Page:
The meso scale

Transport phenomena, Reactor Engineering & Process Intensification, Energy Technology & System Engineering

The next frontier is in translating the insights obtained by studying the microscale processes into practical tools to design, engineer and optimise the reactor component and process system design. 

Transport phenomena

Electrosynthesis involves transport of chemicals and ionic/electrical charge across a range of length scales. We aim at full process control through a detailed determination of the limiting effects of mass, charge and heat transfer (including multi-component and multi-phase flow) and optimisation of the porous structures of electrodes and membranes.

Reactor engineering & process intensification

The development of continuously operating electrochemical flow reactors requires geometry assessment, advanced engineering and a scaling-up approach. We aim for an optimal balance between operation towards maximal selectivity and allowing for (in-situ) separation of useful products. To deal with process fluctuations, pulsed reactions and the effects of fouling, we aim to enable validation from the reactor level down to the in-situ electrode level.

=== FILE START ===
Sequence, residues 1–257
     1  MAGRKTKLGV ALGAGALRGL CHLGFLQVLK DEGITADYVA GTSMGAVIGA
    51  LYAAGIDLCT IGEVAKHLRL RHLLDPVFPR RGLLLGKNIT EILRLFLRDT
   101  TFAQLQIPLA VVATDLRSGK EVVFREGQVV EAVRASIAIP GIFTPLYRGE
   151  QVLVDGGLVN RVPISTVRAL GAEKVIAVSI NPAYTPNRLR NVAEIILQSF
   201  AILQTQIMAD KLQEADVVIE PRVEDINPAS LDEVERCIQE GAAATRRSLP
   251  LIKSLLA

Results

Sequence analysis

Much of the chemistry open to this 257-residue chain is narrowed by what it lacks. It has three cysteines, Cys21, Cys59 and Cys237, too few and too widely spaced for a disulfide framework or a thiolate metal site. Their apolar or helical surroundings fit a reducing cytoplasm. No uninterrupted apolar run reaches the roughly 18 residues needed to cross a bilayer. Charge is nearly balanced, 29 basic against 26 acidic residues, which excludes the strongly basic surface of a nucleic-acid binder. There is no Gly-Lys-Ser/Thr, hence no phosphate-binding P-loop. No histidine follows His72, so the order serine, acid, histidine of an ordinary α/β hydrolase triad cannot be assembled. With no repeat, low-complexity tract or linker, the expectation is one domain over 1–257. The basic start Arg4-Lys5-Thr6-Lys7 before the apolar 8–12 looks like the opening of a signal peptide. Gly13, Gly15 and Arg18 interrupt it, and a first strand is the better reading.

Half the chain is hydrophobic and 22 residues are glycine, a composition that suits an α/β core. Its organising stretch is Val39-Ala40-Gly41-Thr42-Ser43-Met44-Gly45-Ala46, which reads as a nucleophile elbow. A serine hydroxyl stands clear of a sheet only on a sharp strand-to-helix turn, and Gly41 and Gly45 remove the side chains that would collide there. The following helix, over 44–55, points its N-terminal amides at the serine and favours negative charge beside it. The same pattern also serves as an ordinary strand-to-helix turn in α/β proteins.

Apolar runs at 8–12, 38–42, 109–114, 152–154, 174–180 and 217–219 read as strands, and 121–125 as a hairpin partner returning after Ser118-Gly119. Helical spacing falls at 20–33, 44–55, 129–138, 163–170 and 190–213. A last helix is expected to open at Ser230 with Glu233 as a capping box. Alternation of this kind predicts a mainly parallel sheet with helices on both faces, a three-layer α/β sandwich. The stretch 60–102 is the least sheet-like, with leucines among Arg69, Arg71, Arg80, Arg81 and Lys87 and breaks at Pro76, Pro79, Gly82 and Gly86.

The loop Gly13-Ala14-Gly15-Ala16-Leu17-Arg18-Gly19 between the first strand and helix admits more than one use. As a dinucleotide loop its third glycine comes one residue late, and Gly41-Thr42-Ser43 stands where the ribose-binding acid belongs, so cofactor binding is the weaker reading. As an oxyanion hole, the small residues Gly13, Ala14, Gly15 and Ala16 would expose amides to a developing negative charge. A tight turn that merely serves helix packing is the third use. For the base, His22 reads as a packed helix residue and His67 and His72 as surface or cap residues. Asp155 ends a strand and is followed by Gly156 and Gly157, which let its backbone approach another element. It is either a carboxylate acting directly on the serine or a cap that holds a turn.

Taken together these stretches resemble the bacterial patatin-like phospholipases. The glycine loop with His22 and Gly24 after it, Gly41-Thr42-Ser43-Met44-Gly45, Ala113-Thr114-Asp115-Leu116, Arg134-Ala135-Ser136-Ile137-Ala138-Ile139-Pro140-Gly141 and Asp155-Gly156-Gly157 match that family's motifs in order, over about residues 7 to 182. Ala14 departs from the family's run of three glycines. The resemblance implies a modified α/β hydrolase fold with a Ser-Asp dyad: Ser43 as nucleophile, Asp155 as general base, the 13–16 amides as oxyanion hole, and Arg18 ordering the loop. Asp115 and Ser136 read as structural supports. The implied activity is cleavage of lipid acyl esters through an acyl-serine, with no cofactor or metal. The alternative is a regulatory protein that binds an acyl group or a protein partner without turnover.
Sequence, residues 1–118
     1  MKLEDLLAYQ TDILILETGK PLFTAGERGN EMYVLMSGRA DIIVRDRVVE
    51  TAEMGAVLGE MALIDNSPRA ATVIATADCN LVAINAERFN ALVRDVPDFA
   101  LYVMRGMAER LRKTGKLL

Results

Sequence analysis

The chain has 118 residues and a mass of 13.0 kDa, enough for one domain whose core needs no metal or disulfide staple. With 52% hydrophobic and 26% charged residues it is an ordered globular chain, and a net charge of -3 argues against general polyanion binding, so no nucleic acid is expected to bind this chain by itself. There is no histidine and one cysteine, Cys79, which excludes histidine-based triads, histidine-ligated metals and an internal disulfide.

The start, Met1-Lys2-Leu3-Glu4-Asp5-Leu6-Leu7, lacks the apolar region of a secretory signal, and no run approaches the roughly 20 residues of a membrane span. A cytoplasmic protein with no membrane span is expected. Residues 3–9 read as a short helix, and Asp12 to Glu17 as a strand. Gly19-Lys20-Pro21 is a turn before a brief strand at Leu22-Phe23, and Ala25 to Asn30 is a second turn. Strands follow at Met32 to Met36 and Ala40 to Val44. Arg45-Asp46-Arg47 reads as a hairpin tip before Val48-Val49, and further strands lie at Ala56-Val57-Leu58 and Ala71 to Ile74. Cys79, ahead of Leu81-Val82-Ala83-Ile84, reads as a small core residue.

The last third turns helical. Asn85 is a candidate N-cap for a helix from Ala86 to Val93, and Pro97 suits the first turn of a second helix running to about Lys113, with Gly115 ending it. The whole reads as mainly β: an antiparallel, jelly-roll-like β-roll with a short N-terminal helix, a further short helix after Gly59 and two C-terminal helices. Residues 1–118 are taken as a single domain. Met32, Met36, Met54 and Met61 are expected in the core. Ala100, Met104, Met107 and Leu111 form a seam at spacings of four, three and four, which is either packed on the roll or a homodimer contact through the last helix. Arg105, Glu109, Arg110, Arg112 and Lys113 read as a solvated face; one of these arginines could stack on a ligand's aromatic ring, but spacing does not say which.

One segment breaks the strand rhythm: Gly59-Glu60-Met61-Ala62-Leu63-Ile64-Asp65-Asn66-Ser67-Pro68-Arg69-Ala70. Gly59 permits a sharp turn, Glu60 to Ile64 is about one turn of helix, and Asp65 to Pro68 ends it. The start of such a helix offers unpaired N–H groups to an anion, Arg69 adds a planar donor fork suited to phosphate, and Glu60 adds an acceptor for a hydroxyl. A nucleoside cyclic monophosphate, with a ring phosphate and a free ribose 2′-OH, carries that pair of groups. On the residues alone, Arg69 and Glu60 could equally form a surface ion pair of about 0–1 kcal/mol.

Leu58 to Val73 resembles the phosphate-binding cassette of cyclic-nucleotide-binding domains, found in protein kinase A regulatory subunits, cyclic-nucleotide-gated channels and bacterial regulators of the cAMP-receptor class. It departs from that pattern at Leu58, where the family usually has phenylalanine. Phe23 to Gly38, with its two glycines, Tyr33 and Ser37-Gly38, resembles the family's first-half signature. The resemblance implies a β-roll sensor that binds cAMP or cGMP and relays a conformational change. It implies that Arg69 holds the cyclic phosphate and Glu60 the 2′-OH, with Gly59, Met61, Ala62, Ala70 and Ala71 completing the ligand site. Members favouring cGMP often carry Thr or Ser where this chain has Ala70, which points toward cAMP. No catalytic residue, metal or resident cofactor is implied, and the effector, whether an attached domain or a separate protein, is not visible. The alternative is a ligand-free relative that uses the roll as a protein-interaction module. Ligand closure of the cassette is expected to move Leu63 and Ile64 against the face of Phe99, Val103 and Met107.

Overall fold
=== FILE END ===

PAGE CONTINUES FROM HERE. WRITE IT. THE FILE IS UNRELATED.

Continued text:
Energy technology & systems engineering

Large-scale electrochemistry-based processes for fuels and bulk chemicals production are in an early stage of development. We aim for solutions to deal with fluctuations in power characteristics, to determining the gas-cleaning requirements for a wide variety of CO2 sources for carbon-based e-refinery products, and to arrive at optimal process system efficiencies.

Example: Electricity storage and hydrogen production in a single system

While batteries are best for short-term energy storage, synthetically produced fuels such as hydrogen are most suitable for long-term storage. Researchers at the Materials for Energy Conversion & Storage group at TU Delft developed the first integrated battery-and-electrolysis system. This so-called ‘battolyser’ stores and supplies electricity very efficiently as a battery. When the battery is full, it automatically starts splitting water into hydrogen and oxygen using electrolysis at an outstanding overall efficiency of up to 90%. The battolyser is effectively in service the whole time, storing power, producing hydrogen or supplying power to the grid. It provides an efficient, cheap, large-scale, robust way of storing electricity that can be switched back and forth between electricity and hydrogen as often as needed.